My problem is I can’t get out of my own way. Shadow knows how to write books. Ego does not. So when I’m trying to put together a book, Ego is the one saying, “I’ll do it, I’ll do it, I’ll do it.” And I’m going, “No you won’t. You don’t know what you’re doing.” Shadow is just that still, quiet voice in your soul that tells you if you’re on track or off track.

At which letter did you feel the series really caught on? And when were you sure that Kinsey could carry it for 26 books?

I sold A Is for Alibi on the basis of the first 65 pages. My advance was $10,000, which, by Hollywood standards, was paltry. The good news was that I was writing solo instead of by committee, and that felt great. A sold maybe 4,000 or 5,000 copies. I’ve never seen the early numbers. But I did write and sell B Is for Burglar, and then C. By the time F Is for Fugitive came out in paperback and G Is for Gumshoe came out in hardback, both books hit the bestsellers list in the same season. That was heady stuff.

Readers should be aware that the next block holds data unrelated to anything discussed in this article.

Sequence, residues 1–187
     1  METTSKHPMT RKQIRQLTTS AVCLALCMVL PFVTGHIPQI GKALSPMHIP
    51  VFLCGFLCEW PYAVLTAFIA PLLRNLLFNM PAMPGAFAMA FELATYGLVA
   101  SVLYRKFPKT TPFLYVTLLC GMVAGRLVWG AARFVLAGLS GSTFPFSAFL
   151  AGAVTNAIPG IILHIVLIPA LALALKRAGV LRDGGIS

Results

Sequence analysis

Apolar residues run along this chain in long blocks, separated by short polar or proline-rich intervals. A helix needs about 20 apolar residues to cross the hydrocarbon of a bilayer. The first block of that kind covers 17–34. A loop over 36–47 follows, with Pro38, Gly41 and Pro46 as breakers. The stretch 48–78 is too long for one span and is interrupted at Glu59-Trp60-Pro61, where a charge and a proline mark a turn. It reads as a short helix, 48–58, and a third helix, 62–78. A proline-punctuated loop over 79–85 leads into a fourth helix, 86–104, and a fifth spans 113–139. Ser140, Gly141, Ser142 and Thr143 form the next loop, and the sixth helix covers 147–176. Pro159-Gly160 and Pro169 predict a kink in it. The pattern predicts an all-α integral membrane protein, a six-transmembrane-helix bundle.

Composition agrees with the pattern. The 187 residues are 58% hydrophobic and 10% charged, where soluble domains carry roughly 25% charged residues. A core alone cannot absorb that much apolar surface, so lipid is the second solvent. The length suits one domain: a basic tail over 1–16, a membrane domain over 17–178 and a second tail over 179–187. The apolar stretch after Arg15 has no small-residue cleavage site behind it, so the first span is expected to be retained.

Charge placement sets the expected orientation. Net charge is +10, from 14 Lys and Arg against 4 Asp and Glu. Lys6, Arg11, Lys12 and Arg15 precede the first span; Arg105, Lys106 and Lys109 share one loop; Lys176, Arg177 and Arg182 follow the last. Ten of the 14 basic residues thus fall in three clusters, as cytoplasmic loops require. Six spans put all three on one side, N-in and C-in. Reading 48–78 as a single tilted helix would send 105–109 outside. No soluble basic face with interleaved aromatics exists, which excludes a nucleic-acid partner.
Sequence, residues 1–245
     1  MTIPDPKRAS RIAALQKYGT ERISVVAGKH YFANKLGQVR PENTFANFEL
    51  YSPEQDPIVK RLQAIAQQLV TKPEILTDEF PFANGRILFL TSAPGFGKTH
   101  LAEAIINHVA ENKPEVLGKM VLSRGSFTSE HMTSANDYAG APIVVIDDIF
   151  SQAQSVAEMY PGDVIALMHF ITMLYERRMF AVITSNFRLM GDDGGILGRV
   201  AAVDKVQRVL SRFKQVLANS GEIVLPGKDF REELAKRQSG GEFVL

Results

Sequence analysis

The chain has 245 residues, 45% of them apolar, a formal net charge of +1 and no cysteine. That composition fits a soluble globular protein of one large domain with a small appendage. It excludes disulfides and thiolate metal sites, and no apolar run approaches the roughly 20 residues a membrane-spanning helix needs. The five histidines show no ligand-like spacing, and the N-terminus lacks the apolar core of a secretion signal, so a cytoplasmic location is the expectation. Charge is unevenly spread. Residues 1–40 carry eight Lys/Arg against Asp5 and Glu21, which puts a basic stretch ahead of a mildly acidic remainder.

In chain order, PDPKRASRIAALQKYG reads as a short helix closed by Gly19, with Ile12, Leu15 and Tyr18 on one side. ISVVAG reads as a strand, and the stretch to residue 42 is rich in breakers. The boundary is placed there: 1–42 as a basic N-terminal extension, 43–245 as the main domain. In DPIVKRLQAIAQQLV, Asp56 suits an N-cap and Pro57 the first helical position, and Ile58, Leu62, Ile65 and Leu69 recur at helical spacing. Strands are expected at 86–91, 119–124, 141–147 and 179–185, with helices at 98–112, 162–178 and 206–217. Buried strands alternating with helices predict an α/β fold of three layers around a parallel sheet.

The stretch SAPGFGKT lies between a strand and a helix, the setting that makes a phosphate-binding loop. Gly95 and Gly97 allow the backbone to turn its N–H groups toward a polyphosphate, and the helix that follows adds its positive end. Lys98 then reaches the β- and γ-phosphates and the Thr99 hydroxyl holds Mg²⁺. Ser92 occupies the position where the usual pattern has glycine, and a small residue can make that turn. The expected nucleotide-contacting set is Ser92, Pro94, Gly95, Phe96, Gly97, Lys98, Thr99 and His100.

Early in the series, I’d lose track of Kinsey’s “voice,” and I’d have to go back and read the earlier books to remind myself what she sounded like and how her mind worked. I’d have to guess that by G, I felt connected to her in an easy and natural way. A is still in print and still selling, by the way—as are all the other books up and down the line. I don’t take anything for granted. The next book—each new book—always feels like the first.

Where did Kinsey come from?

I am Kinsey Millhone. But she is my unlived life. I got married for the first time when I was 18, the second time when I was 23. Then, I married for good and for all to my beloved Steven Humphrey when I was 37. So, she is the adventures I’ve never had. Since she only knows what I know, it means I have to learn many, many things so she can be an expert, and that’s very odd. I’ve taken classes in self-defense, learned to shoot a handgun, I’ve taken classes in law—not that I would ever be a lawyer—but just so I know enough to fake it out here. Without her, there are many things I never would have done.

U Is for Undertow is essentially about a boy who cries wolf.